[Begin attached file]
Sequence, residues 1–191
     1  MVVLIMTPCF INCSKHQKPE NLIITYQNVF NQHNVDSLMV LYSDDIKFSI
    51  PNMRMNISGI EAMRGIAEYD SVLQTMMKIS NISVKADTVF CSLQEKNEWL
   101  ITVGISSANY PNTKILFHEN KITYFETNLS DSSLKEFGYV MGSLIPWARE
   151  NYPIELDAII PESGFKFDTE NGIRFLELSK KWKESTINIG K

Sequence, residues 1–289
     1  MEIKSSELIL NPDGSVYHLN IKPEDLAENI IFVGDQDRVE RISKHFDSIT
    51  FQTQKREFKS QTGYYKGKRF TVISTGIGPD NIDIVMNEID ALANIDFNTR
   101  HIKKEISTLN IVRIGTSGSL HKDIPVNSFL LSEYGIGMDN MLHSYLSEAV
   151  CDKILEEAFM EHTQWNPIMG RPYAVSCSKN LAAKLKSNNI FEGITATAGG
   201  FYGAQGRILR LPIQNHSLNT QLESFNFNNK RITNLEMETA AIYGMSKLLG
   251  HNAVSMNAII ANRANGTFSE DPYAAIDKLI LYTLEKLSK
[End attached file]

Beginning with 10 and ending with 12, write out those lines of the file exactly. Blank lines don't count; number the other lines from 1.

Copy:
   151  CDKILEEAFM EHTQWNPIMG RPYAVSCSKN LAAKLKSNNI FEGITATAGG
   201  FYGAQGRILR LPIQNHSLNT QLESFNFNNK RITNLEMETA AIYGMSKLLG
   251  HNAVSMNAII ANRANGTFSE DPYAAIDKLI LYTLEKLSK